In his article that appeared on the Nation magazine's website, Stephen F.Cohen has stressed that the relations between the countries already marred by “disputes over missile defense, the Middle East and Russia’s internal politics” have become more strained after the US passed the Magnitsky Act in December 2012 and Russia replied to the move by a law prohibiting Americans from adopting Russian orphans.
The scholar notes that unlike in Russia, there was little debate about the law in the US, “there has been only applause for the Magnitsky Act”, he writes.
The movement towards cold war, Cohen continues, dates back to the 1990s.
“Three components” were put forward then only to form the basis for Washington’s Russia policy for decades ahead: “expanding NATO to Russia’s borders; “selective cooperation,” which has meant concessions by Moscow without meaningful US reciprocity; and interference, in the name of “democracy promotion,” in Russia’s domestic politics.”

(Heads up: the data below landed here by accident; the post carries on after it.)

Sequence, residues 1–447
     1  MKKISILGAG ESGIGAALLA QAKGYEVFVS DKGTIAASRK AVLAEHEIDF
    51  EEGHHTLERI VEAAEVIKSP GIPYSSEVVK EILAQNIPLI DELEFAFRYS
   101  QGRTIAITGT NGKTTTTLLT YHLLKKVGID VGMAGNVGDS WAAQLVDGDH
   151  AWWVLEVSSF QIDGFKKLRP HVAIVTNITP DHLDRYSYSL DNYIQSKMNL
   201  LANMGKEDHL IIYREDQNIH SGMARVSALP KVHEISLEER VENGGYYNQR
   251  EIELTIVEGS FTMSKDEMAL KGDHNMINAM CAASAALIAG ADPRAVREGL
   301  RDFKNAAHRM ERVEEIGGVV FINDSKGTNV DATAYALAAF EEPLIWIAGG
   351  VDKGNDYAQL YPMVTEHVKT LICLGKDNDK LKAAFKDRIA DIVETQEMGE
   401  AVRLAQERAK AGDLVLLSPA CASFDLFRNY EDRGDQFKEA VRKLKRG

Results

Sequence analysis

According to the scholar, “the media has been especially culpable” for the worsening US-Russia relations. Newspaper editorials either endorse the White House’s Cold War line, he writes, or claim “it is too “soft” on the Kremlin.” Lack of “dissenting opinions” adds up to that.
“The media’s relentless demonization of Putin, often unfactual or illogical, has nearly displaced serious, multidimensional analysis,” he concludes.
Voice of Russia, The Nation